A conventional hinge-lid cigarette pack when assembled is rectilinear. The blank depicted generally in FIG. 1 by reference numeral 1 of a hinge-lid cigarette pack, comprises a cardboard cut-out with a plurality of panels 2-20 and a plurality of fold lines 21-32. As is known to those skilled in the art, in respect of the body of the assembled pack, panel 2 forms the back wall, panel 3 forms the front wall, panels 4,5 and 6 form the bottom wall, panels 7,8,9 and 10 form the side walls; and panels 11,12,13,14,15,16,17,18,19 and 20 form the lid of the assembled pack. As will also be appreciated by those skilled in the cigarette packaging art, the solid lines in FIG. 1 (35-44) are lines of cut.
In a conventional cigarette packaging machine, an unfolded pack blank as per blank 1 is removed from a stack of blanks.
Adhesive is applied to the blank (typically on panel 2 thereof) and an assemblage (not shown) of cigarettes wrapped in a foil inner wrap is placed on and in alignment with panel 2 of the blank. The assemblage commonly comprises 20 cigarettes arranged in three lines, of seven, six and seven cigarettes respectively. The adhesive serves to adhere the foil inner wrap to the panel 2. An inner frame (not shown) is then positioned relative the assemblage and adhesive is applied to a surface of the inner frame such that when the blank is folded along fold lines 21-32 about the assemblage and inner frame, the inner frame is adhered to at least front wall panel 3 of the blank.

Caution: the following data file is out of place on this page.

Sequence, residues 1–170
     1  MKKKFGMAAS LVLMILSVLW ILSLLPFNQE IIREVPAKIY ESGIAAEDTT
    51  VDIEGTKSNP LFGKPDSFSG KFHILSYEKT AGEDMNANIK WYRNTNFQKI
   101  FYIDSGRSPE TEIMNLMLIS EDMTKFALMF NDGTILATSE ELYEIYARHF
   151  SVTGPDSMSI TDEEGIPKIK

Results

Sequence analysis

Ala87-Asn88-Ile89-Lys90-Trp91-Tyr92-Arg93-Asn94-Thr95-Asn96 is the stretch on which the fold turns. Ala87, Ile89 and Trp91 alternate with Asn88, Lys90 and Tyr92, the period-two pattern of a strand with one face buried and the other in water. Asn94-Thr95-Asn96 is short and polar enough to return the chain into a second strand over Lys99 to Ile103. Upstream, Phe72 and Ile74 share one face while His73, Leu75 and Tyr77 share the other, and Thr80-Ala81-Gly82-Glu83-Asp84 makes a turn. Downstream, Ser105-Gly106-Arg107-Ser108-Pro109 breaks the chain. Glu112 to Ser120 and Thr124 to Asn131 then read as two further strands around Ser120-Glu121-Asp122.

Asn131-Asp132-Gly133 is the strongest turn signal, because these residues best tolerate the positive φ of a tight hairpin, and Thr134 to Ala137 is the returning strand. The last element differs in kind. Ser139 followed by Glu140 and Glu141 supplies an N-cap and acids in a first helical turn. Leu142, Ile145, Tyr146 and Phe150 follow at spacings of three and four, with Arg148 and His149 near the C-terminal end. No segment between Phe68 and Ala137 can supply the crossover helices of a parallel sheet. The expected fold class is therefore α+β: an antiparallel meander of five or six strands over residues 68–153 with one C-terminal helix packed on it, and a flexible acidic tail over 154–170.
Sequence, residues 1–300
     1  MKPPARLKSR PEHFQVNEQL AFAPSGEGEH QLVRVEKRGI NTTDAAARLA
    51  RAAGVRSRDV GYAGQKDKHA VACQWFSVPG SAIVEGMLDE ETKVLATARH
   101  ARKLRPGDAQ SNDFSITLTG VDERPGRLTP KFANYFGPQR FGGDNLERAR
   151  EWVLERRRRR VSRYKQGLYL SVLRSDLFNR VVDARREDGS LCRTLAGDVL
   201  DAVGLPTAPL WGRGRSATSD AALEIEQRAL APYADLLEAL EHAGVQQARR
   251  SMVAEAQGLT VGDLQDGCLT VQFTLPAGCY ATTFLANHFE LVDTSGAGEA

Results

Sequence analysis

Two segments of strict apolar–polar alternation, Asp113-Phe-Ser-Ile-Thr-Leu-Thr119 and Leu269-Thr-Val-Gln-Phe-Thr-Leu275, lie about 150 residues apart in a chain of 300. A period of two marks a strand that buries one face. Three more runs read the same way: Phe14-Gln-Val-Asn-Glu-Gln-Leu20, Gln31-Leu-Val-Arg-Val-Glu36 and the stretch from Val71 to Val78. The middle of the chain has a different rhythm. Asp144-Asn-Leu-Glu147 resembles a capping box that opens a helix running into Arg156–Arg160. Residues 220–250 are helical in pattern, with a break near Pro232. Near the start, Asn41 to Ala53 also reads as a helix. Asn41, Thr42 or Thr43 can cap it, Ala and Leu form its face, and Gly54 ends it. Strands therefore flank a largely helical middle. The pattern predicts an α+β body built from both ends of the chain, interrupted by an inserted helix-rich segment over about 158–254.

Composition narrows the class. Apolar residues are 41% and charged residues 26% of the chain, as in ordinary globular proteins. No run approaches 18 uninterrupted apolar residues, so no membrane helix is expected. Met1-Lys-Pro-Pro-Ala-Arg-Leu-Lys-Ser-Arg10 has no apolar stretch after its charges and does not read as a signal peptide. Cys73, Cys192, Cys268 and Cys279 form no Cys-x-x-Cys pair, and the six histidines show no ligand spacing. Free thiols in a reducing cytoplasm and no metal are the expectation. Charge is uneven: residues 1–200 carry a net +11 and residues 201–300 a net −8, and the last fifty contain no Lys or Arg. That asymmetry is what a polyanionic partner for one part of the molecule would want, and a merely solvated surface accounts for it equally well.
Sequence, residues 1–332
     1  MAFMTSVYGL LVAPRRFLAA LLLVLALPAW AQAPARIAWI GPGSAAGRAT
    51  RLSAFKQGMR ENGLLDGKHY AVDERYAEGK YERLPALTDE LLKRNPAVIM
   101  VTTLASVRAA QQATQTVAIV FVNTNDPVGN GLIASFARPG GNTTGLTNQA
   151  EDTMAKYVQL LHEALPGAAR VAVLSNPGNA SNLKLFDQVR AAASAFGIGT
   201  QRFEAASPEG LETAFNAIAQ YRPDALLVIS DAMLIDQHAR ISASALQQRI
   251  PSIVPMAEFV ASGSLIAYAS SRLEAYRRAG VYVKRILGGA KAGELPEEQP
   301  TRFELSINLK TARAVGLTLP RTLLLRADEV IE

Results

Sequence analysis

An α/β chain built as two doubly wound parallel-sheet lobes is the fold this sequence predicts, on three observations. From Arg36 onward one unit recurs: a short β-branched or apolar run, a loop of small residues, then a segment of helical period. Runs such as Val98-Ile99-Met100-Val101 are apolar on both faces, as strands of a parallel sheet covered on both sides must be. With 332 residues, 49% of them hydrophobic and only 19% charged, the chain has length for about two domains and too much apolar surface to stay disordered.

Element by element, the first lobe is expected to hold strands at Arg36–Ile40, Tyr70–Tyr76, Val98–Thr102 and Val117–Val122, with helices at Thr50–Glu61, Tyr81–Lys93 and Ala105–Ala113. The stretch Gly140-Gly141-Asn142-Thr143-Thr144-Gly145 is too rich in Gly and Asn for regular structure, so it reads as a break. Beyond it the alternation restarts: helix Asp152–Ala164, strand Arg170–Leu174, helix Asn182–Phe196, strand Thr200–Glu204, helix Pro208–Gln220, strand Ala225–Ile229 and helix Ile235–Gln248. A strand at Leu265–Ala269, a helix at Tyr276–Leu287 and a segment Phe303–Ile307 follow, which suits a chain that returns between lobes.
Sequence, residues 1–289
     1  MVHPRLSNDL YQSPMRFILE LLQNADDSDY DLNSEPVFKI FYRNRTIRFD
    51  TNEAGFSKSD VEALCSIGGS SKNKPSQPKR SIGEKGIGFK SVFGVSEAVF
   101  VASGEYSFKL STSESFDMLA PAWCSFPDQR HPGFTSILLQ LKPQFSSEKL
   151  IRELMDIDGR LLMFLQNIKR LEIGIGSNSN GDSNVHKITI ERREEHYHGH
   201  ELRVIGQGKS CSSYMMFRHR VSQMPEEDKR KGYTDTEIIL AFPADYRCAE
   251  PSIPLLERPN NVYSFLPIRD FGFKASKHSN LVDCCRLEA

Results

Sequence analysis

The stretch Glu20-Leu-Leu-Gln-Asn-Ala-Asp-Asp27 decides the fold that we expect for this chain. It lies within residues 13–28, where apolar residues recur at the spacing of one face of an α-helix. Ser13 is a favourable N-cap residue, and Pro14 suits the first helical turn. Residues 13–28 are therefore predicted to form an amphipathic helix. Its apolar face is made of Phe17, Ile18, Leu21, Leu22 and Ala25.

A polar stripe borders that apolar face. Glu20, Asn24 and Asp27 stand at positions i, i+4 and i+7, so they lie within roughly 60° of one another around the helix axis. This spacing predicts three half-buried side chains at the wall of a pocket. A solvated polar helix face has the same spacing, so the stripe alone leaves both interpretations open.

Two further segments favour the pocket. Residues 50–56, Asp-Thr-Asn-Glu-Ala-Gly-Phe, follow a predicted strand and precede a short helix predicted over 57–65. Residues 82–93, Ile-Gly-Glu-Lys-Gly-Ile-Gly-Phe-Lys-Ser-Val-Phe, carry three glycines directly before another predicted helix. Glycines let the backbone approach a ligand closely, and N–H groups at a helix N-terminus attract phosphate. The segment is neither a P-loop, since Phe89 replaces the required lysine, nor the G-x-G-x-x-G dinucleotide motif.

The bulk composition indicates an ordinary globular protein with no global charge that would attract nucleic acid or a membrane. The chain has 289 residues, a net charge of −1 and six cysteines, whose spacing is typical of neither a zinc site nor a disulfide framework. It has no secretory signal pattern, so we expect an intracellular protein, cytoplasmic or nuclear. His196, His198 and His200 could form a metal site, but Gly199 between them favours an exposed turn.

In FIG. 2 reference numeral 50 designates generally volatile flavourant application means of an otherwise conventional cigarette packaging machine, a GDX2 for example.
Reference numeral 51 designates a stack of cigarette pack blanks, each as per blank 1 of FIG. 1. The packaging machine comprises conventional feed means (not shown) operable to remove one blank at a time from the base of the stack 51 and to feed a blank in the direction of arrow A.